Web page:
iPad, iAd and Me
As of yet the iPad is not available to buy in the UK, but should you be thinking about it? If you have a public-facing web site, you might be wondering, Do I need an iPad version of my site? How will I deliver content without Adobe Flash? Do I need an iPad app?
Because the iPad can display full pages at close to the size of a laptop or desktop screen, there is no need for a specific version of the site for the iPad the way there is for a phone like the iPhone. Instead, it should be cost-effective to tweak an existing site to display well in the iPad The main difference will be that hover effects, small link targets, and and small text will not work well with fingertips. So we predict a fashion for less cluttered, fatter-linked, iPad-friendly designs in mainstream web pages.
The big deal for sites showing video, menus, or slide shows using Adobe Flash is that the iPad does not, and will not, display Flash (or indeed use any plug-ins at all). But it's more than that: the upcoming iAd system, where Apple hosts ads for display in iPad and iPhone apps, is implemented using HTML5.
The demonstration in the iPhone OS 4 event showed their vision of ads resembling the mini-sites that are today often implemented with Flash (downloadable wallpapers, video clips, character notes, and all that jazz). When iAd takes off, advertisers will be thinking that if the iAd is in HTML5, then the main web site might as well be as well.
All of which is lighting a fire under HTML5 support on the web as a whole. If your site is aimed at people at home, then you will want to support iPad readers, and you will need an HTML5-savvy web site. YouTube and other video-hosting sites already offer an HTML5 alternative; it seems that in future HTML5 will be mainstream and Flash will be the alternative for legacy browsers.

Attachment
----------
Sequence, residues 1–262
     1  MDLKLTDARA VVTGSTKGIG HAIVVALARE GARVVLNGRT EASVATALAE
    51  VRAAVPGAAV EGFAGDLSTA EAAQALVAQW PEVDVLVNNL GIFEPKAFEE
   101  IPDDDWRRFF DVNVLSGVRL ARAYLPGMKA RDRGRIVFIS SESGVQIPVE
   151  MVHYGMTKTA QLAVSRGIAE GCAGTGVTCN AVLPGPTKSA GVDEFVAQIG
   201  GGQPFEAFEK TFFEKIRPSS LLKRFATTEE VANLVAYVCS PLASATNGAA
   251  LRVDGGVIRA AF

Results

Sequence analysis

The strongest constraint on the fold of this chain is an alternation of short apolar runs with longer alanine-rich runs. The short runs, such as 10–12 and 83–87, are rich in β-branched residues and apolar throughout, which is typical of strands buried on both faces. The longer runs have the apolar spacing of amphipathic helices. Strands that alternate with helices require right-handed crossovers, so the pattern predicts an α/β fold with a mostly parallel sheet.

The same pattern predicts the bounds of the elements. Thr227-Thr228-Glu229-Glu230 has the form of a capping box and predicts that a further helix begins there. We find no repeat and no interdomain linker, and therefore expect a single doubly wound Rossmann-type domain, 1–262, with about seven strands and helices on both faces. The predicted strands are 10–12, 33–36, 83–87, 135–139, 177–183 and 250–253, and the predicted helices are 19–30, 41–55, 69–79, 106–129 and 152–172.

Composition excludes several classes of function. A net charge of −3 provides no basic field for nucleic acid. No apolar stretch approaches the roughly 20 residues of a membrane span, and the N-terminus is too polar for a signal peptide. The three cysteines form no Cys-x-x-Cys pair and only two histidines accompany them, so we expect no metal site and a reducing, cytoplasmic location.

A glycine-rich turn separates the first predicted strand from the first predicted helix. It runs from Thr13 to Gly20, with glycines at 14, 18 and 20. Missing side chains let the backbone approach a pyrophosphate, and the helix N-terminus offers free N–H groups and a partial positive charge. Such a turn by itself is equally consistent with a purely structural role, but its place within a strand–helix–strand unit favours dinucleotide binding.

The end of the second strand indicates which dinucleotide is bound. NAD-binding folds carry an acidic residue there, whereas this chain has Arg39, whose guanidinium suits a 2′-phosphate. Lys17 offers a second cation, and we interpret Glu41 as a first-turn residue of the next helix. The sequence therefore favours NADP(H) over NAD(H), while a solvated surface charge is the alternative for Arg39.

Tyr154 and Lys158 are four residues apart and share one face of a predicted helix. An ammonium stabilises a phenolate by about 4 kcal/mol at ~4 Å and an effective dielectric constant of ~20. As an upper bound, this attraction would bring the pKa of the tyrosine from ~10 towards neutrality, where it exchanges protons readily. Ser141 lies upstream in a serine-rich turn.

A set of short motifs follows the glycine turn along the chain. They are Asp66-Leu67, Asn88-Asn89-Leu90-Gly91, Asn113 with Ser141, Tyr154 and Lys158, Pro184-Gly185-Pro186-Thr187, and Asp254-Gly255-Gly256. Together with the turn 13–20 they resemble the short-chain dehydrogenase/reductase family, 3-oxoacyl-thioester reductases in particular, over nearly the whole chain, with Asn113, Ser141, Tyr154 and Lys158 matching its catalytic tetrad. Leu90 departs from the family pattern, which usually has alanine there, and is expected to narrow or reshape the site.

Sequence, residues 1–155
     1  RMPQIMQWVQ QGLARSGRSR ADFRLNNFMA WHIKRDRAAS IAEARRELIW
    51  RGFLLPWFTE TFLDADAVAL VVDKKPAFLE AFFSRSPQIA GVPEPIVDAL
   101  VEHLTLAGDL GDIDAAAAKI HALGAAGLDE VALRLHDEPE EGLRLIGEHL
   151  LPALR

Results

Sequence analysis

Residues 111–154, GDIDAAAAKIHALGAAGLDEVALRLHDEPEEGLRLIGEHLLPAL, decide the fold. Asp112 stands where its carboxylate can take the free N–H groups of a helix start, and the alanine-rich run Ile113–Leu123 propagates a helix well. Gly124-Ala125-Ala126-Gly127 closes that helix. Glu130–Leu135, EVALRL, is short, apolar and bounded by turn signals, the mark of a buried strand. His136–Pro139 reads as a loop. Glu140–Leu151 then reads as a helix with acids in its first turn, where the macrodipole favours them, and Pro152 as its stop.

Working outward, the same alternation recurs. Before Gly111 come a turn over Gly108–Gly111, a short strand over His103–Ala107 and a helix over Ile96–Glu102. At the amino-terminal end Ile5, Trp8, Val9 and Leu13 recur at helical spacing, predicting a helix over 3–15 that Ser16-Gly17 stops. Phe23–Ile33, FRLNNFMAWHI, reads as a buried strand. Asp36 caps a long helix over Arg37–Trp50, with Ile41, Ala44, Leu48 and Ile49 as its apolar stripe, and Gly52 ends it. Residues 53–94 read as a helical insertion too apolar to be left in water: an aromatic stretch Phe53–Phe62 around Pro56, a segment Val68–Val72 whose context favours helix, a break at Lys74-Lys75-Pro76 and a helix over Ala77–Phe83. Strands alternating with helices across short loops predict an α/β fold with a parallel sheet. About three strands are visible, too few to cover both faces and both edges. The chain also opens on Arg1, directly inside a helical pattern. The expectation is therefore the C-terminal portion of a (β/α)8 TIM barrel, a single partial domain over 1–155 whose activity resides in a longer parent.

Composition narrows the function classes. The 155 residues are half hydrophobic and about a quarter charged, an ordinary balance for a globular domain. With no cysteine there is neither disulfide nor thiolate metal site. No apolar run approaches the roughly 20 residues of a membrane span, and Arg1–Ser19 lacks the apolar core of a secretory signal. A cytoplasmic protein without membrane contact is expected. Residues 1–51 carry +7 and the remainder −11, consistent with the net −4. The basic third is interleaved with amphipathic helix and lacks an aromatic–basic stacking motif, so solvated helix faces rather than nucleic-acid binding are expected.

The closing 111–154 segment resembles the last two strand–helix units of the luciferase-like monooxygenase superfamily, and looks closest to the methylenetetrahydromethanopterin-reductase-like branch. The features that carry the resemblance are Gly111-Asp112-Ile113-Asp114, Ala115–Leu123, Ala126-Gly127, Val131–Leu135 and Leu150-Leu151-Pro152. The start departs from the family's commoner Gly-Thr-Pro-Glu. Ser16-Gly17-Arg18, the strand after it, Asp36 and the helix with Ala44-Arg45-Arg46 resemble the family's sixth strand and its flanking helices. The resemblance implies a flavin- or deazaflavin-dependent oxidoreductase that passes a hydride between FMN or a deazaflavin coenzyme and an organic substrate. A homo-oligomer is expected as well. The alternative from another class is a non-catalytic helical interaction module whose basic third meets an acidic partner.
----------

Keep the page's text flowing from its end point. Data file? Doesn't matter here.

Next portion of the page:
Sites aimed and education, government, and corporate users will be under less pressure to transition to HTML5: they are more likely to be read on a conventional computer, and Microsoft's failure to persuade IT departments to upgrade from IE6 means that HTML5 will only reach a minority of readers.
The biggest problem with replacing Flash with HTML is that we don't yet have designer-friendly tools like those Adobe sell for Flash: you need a collaboration between designers and programmers. At OCC, we are building our HTML5 and our design expertise, and have been producing dynamic HTML interfaces rather than Flash for some time now in anticipation of this transition.
The question of whether you want to create an iPad app for your site is a more complicated. There is a lot of experimentation happening right now with content delivery through specialized apps: the New York Times and other publications are selling apps that they hope provide a more compelling reading experience than their web site can.
The problem is that an iPad app will only run on iPad: it has to be extra work, using a different programming environment, over and above the work on a web site (or whatever) -- and in the end, it will only reach a minority of readers for the next few years. The iPad platform would be very attractive for vertical applications (e.g., electronic patients notes for hospitals) but in many cases cheaper and less desirable hardware will be preferred. The successful apps to date are games (which are multi-platform as a matter of course) and productivity apps from small firms that specialize in app development.
So for most of our existing customers I would wait and see how the app market turns out. Our customers' video sites are aimed mostly at education and commercial sectors, where the transition to HTML video is not at all urgent, so the only action required in the short term will be glancing at their existing site in an iPad to verify that its design works in the new screen size and with fingers instead of a mouse.